'John Coleman, the founder of The Weather Channel, and various other critics have called the theory that human use of carbon-based fossil fuels will lead to catastrophic global warming or climate change a “hoax.”'

http://www.forbes.com/sites/markhendric ... e-century/

The reason I don't trust the "Scientists" is because they exist for the most part because of government funding, so it is in their best interest to dream up reasons for funding. That's how they make a living.

"The panel also concluded there's a better than 90 percent probability that human-produced greenhouse gases such as carbon dioxide, methane and nitrous oxide have caused much of the observed increase in Earth's temperatures over the past 50 years."

They are so sure about Humans being the cause of global warming.... they've covered their a$$e$.
Youre referring to the fact that the confidence is >90% which is not the same as 100%?

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Sickbag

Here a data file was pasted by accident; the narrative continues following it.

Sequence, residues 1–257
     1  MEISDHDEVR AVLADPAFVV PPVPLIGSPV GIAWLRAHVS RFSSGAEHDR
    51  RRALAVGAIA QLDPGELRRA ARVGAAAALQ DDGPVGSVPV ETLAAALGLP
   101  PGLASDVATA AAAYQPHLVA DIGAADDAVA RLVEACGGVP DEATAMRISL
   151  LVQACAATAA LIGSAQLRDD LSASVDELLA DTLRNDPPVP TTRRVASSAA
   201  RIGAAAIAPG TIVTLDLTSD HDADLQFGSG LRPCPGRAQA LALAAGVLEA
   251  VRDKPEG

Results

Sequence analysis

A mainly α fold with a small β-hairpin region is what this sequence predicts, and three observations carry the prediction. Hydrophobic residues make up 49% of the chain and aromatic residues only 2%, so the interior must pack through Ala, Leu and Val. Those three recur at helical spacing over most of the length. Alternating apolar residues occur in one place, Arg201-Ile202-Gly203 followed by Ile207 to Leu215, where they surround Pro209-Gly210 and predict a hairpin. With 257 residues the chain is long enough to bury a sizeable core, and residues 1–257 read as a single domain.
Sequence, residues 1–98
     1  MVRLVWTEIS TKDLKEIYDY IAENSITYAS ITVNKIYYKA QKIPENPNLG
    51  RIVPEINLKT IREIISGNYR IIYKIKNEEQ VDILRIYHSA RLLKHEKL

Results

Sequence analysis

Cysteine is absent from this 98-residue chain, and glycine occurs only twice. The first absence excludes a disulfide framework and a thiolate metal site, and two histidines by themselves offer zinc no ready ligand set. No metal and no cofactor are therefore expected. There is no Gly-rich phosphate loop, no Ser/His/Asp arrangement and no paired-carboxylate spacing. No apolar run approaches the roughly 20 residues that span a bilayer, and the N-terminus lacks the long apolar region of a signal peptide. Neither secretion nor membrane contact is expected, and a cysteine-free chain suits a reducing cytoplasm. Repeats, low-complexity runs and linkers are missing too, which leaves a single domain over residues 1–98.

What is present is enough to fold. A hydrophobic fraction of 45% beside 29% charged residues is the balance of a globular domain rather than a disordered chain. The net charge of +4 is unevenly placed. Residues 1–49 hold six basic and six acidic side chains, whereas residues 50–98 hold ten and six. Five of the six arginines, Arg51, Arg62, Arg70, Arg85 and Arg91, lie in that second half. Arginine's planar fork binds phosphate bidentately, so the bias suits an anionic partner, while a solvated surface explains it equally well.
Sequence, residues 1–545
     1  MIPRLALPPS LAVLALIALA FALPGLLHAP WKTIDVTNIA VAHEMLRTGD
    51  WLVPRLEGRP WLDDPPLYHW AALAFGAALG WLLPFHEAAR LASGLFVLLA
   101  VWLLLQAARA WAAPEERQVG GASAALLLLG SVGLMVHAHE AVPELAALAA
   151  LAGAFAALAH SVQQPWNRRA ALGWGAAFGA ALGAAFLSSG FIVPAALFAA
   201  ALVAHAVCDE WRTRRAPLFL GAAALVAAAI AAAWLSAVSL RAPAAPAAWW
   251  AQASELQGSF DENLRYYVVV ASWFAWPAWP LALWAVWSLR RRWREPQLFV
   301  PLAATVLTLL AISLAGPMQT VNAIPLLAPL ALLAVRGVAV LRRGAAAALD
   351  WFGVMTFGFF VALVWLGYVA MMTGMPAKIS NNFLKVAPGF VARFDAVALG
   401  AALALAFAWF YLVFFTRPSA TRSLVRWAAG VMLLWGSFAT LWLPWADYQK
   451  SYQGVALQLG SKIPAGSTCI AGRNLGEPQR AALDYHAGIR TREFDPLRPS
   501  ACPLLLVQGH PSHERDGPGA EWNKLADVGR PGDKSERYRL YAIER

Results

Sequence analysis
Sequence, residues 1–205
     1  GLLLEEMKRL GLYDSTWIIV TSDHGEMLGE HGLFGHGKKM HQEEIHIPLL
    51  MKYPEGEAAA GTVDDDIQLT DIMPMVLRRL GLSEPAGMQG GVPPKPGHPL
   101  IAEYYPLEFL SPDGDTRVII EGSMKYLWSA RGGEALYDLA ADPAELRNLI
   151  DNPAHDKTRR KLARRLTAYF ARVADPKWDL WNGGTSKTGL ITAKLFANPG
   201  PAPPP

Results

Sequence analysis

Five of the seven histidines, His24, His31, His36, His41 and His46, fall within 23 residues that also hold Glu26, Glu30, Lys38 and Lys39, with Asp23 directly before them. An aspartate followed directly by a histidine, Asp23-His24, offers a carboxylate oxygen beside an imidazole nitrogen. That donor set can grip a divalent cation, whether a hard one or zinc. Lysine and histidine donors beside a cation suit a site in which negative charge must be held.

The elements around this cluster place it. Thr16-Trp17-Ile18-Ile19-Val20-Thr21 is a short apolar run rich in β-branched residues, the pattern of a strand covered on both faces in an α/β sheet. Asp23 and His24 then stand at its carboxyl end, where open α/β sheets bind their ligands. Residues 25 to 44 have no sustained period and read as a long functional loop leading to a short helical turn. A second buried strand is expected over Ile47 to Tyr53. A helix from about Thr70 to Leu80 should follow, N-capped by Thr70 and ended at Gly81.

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Re: 787 inflight structural breakup in 3....2....1....

Postby Sickbag » Mon Feb 10, 2014 7:41 am

I don't know about Global Warming, but Global Boring is a undeniable fact ,as proved by the last few pages.
TRUMP: in-presidency structural break-up
within 18 months...

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ocelot
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Re: 787 inflight structural breakup in 3....2....1....

Postby ocelot » Mon Feb 10, 2014 7:54 am

How the hell can a software malfunction cause
Software is like a hydraulic system filled with AVGAS. It may appear to work at times, but that just means it's getting ready to detonate.
Understood, but that is where I wonder where the redundancy is, not in Gabriel's various examples.
Per